Posted 17 January 2018 - 12:13 AM

Could it be that Eddie has put some sauce on his ribs. 10-15 lbs. can slow a fella down.

#15 snepp

snepp

    Curve Hanger

  • Twins Mods
  • 6,076 posts
  • LocationSioux Falls

Posted 17 January 2018 - 01:20 AM

 

Clearly, there's some flaw in something's meauring Grossman's sprint speed as an equivalent to Kepler's.

 

Why?

  • Minny505 likes this

Member VP of the "Baseball Player Positional Flexibility" Club


#16 Twodogs

Twodogs

    Chattanooga Lookouts

  • Members
  • 621 posts

Posted 17 January 2018 - 07:44 AM

Why don't they just time them all in the 40, then we will know who is fastest and all?? Seems like these metrics for speed are very dependant on a lot of variables.. seems like speed would be speed if you just timed them all??

You cannot succeed without hate for your enemy


#17 Tom Froemming

Tom Froemming

    Content Editor

  • Administrators
  • 1,183 posts

Posted 17 January 2018 - 08:15 AM

 

I'm not sure I can buy into these measurements a whole lot.

Sprint speed for example. How is that measured? 

Sprint speed is measuring speed in terms of feet per second in a player's fastest one-second window. From a Mike Petriello article:

 

"Of course, there are so many plays where a runner is merely jogging to first after having popped up, or trots home easily from third base when a teammate doubles, and those non-competitive plays don't exactly tell us anything about speed, so we had to find a way to exclude those plays and include only plays where maximum effort could be expected.

 

To account for that, we took all batted balls (excluding over-the-fence home runs), and looked at plays where a runner or hitter attempted to advance two or more bases (excluding runners who started on second base and the batted ball was an extra-base hit, as they can often jog home). Of the remaining runs, we'll sort them from slowest to fastest, and take the average of the fastest half. If that sounds complicated, it needs to be, but the results are extremely satisfying."

 

I know the new thing is forcing data. We've arrived at this place where we think any number is better than nothing, and that's simply not he case. People love to throw stuff against the wall before it's properly vetted. Data can be skewed, and can create bad analysis/decision making. I'd like to see this played out longer.

Let's just forget the numbers for a second. In terms of your own evaluation/eye test, would you say Eddie's defense and base running has gotten worse the past two seasons? I would, and given his age, that doesn't make a lot of sense to me. So that's why I threw out the theory that he may have struggled through some injuries we were never made aware of.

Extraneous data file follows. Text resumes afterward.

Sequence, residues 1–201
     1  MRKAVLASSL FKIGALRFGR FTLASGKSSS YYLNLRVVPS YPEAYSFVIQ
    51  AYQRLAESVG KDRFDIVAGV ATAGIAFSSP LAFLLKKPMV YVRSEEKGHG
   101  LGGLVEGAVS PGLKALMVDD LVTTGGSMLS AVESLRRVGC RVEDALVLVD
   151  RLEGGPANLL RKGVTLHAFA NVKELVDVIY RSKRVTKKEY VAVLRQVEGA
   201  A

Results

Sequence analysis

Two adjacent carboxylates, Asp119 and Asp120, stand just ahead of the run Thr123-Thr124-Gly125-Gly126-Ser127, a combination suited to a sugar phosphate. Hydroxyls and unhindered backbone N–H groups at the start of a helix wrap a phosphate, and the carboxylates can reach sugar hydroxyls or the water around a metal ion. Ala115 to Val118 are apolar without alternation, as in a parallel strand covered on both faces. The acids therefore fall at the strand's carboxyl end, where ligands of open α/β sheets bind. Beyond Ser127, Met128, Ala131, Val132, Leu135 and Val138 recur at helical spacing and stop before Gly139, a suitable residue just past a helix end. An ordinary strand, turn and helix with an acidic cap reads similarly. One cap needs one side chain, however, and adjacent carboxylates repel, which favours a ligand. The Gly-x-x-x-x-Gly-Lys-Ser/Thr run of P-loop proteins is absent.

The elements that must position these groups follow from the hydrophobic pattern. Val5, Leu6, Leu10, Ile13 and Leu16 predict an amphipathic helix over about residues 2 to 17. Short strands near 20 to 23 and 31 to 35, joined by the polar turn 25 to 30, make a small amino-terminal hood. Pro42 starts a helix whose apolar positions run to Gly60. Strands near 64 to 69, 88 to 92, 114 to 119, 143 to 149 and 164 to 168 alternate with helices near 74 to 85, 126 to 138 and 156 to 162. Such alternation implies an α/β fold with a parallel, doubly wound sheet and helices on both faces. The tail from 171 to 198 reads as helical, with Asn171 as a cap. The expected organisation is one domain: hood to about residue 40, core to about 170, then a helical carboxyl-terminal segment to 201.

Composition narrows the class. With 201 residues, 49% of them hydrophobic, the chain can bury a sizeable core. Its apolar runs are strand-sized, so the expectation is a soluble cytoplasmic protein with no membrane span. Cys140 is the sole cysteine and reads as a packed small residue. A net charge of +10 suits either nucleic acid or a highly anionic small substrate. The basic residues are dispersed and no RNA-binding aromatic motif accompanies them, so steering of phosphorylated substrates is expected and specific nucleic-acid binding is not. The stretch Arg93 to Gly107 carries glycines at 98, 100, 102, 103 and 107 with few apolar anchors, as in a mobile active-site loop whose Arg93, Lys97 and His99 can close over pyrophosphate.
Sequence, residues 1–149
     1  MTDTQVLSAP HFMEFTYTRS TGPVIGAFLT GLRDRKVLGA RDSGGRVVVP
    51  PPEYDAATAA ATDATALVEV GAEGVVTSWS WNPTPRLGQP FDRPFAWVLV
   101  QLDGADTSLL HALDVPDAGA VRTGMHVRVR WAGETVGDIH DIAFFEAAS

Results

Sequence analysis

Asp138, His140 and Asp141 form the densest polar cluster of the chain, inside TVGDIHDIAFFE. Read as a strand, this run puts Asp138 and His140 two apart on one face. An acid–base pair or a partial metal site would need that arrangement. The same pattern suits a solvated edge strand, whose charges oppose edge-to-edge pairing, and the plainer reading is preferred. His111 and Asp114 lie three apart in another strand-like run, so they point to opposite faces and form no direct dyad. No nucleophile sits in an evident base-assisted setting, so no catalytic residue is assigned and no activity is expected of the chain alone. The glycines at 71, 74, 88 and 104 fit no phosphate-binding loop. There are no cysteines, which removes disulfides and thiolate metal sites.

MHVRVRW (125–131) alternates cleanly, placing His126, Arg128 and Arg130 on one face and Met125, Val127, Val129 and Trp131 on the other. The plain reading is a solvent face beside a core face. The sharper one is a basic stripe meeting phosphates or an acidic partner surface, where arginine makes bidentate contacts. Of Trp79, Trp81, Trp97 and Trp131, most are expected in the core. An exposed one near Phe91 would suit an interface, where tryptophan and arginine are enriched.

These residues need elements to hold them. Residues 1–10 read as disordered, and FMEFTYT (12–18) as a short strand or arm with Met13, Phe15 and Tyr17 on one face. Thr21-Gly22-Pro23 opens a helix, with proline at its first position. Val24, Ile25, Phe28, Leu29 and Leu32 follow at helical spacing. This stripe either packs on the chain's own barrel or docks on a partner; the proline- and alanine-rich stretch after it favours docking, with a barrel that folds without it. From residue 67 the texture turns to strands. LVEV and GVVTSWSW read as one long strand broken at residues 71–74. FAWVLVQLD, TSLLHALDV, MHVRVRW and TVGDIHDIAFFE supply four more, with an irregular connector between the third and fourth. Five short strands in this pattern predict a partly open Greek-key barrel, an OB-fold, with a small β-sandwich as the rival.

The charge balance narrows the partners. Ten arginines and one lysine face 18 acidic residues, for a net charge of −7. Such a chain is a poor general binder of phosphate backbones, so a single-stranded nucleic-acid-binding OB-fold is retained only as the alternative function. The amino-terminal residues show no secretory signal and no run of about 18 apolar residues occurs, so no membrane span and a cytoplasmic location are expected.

There were multiple times in the game recaps where I'd point out Rosie taking a really inefficient route to a ball. Could that be because he was missing that top gear and didn't properly account for it when he initially broke to the ball? I think it's possible.

  • Oldgoat_MN, markos, Sconnie and 4 others like this

#18 Platoon

Platoon

    Minnesota Twins

  • Members
  • 4,564 posts
  • LocationTwinsWorld

Posted 17 January 2018 - 08:44 AM

I don't think Rosario ever ran exceptional routes to a baseball. But what he did do was throw the ball with velocity and accuracy better than most. That certainly impacts the eye test in evaluating his defense. Some of those throwing opportunities are now gone, the extra base ones where there was a reasonable chance to get an out. Players seem to have quit taking the dare. One other question, or point. Did Rosario spend more time this year shuttling around the OF filling in for Kepler, or some time spent in CF? Or is that simply my perception.
TwinsWorld: Did you hear we just updated the Stadium Club?

If I wanted balls and strikes called by a robot, I would get an Xbox!

#19 Sconnie

Sconnie

    From the "right" side of the St Croix

  • Members
  • 3,568 posts
  • LocationNW Wisconsin

Posted 17 January 2018 - 09:43 AM

 

I don't think Rosario ever ran exceptional routes to a baseball. But what he did do was throw the ball with velocity and accuracy better than most. That certainly impacts the eye test in evaluating his defense. Some of those throwing opportunities are now gone, the extra base ones where there was a reasonable chance to get an out. Players seem to have quit taking the dare. One other question, or point. Did Rosario spend more time this year shuttling around the OF filling in for Kepler, or some time spent in CF? Or is that simply my perception.

https://www.baseball...17-roster.shtml

 

It's your perception

 

2016 appeared to be the year he floated alot

 

           2017  20162015

Left     138    57     86

Center 10     37      4

Right      16     1         34

  • Minny505 and snap4birds like this

#20 bobs

bobs

    Cedar Rapids

  • Members
  • 143 posts

Posted 17 January 2018 - 09:53 AM

The fact that we have stats like this tells me we have too many stats.Eddie Rosario is a good baseball player who is still trying to get better.If anything, I feel like his attention to detail....routes, hitting cutoff men, throwing to the correct base, etc, are his biggest weakness on defense.His plate discipline has improved exponentially.On the bases, the decision making again is not always on point.  




Also tagged with one or more of these keywords: eddie rosario